I waited for Katz for three quarters of an hour, then went looking for him. The light was fading and the air was taking on an evening chill. I walked and walked, down the hill and through the endless groves of trees, back over ground that I had gratefully put behind me forever, or so I had thought. Several times I called his name and listened, but there was nothing. I walked on and on, over fallen trees I had struggled over hours before, down slopes I could now only dimly recall. My grandmother could have got this far, I kept thinking. Finally, I rounded a bend and there he was stumbling towards me, wild-haired and one-gloved, and nearer hysteria than I have ever seen a grown person.

It was hard to get the full story out of him in a coherent flow, because he was so furious, but I gathered he had thrown many items from his pack over a cliff in a temper. None of the things that had been dangling from the outside were there any longer, including his water bottle.

"What did you get rid of?" I asked, trying not to betray too much alarm.

"Heavy fucking shit, that's what. The pepperoni, the rice, the brown sugar, the Spam, I don't know what all. Lots. Fuck." Katz was almost cataleptic with displeasure. He acted as if he had been deeply betrayed by the trail. It wasn't, I guess, what he had expected.

I saw his glove lying in the path 30 yards back and went to retrieve it.

"OK," I said when I returned, "you haven't got too far to go."

"How far?"

"Maybe a mile."

"Shit," he said bitterly.

"I'll take your pack." I lifted it onto my back. It wasn't exactly empty now, but it was decidedly moderate in weight. God knows what he had thrown out.

We trudged up the hill to the summit in the enveloping dusk. A few hundred yards beyond the summit was a campsite with a wooden shelter in a big grassy clearing against a backdrop of dark trees. There were a lot of people there, far more than I'd expected this early in the season. The shelter--a basic, three-sided affair with a sloping roof--looked crowded and there were a dozen or so tents scattered around the open ground. Nearly everywhere there was the hiss of little campstoves, threads of rising food smoke and the movements of lanky young people.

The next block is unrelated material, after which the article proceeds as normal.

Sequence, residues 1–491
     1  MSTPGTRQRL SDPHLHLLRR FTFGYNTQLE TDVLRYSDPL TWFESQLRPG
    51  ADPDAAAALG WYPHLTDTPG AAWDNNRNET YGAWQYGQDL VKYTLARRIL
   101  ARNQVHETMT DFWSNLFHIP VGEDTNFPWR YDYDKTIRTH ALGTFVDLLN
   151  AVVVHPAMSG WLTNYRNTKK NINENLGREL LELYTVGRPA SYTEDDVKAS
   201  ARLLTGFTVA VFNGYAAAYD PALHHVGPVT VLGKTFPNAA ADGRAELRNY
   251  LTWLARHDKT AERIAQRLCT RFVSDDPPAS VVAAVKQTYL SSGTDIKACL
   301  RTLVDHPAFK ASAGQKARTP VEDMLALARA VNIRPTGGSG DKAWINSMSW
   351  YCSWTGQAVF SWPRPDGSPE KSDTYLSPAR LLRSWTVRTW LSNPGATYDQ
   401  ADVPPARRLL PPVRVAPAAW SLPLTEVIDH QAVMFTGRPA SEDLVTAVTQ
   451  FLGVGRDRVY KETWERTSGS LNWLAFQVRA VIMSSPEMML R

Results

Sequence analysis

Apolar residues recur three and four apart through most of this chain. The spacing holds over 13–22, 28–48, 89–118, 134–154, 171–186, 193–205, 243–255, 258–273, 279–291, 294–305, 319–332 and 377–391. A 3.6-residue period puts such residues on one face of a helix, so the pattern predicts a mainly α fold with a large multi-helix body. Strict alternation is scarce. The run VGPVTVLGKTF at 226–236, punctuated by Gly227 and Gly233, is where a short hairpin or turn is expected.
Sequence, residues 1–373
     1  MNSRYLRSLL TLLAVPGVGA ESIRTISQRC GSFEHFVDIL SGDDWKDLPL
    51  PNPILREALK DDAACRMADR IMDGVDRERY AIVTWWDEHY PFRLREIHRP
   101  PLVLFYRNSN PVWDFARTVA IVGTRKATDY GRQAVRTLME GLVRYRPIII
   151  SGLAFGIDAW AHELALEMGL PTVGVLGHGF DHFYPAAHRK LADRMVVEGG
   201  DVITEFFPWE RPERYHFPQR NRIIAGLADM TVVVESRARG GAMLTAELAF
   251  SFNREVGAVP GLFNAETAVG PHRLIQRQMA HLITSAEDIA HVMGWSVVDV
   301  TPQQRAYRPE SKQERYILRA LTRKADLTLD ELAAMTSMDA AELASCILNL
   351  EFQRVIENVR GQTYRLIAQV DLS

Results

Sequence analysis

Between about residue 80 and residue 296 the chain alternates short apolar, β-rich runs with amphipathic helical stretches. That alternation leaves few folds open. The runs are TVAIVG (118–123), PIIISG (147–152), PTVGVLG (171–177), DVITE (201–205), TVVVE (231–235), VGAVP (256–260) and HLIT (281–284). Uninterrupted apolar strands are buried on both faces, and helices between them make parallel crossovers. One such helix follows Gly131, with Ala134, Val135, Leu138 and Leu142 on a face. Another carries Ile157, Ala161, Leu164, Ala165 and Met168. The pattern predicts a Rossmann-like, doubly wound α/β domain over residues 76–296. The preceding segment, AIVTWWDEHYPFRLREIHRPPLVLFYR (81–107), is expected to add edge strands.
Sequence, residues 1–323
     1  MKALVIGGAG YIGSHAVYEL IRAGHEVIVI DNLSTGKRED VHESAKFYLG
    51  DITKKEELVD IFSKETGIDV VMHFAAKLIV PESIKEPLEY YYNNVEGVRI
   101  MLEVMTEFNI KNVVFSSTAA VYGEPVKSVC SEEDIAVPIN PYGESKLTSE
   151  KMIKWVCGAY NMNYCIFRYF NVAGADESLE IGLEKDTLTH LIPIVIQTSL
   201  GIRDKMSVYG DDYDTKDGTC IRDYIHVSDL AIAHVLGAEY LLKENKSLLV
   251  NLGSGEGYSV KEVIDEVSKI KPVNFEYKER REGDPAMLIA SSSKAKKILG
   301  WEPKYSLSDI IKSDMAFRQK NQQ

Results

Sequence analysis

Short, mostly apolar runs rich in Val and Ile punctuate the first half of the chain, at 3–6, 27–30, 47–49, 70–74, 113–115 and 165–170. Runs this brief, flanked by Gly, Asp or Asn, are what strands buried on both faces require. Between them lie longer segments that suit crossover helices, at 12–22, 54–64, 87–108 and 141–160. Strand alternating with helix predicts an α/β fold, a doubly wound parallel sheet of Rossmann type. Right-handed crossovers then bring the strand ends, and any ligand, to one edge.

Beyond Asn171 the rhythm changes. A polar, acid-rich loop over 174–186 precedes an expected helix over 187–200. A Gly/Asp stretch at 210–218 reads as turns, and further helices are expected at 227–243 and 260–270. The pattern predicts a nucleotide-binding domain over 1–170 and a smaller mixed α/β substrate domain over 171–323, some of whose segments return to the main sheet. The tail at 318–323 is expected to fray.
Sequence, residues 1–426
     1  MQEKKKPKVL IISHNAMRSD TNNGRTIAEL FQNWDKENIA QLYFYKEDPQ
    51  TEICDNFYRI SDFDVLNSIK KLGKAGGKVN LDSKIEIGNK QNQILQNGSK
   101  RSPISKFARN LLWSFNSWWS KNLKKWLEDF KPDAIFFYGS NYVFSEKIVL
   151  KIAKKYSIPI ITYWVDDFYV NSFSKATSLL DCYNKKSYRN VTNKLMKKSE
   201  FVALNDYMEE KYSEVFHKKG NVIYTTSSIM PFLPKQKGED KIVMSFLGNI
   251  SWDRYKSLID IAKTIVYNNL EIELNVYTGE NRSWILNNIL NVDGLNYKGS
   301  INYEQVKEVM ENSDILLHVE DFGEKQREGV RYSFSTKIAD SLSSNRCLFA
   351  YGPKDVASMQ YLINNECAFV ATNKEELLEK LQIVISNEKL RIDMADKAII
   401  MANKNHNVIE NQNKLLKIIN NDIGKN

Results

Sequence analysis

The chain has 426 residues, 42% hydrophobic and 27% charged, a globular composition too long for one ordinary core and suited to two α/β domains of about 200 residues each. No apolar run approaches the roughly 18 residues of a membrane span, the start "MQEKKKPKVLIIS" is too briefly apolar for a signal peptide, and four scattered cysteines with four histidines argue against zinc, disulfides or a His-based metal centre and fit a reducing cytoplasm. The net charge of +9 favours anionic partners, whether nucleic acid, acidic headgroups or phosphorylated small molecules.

I found us a site on the edge of the clearing, almost in the woods, off by ourselves.

"I don't know how to put up my tent," Katz said in a petulant tone.

"Well, I'll put it up for you then." You big soft flabby baby. Suddenly I was very tired.

He sat on a log and watched me put up his tent. When I finished, he pushed in his pad and sleeping bag and crawled in after. I busied myself with my tent, fussily made it into a little home. When I completed my work and straightened up I realised there was no sound or movement from within his.

"Have you gone to bed?" I said, aghast.

"Yump," he replied in a kind of affirmative growl.

"That's it? You've retired? With no dinner?"

"Yump."

I stood for a minute, speechless and flummoxed, too tired to be indignant. Too tired to be hungry either, come to that. I crawled into my tent, brought in a water bottle and book, laid out my knife and torch for purposes of nocturnal illumination and defence, and finally shimmied into the bag, more grateful than I have ever been to be horizontal. I was asleep in moments. I don't believe I have ever slept so well.
 
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Excerpted from A Walk in the Woods by Bill Bryson. Copyright © 1998 by Bill Bryson. Excerpted by permission of Broadway Books, a division of Bantam Doubleday Dell. All rights reserved. No part of this excerpt may be reproduced or reprinted without permission in writing from the publisher.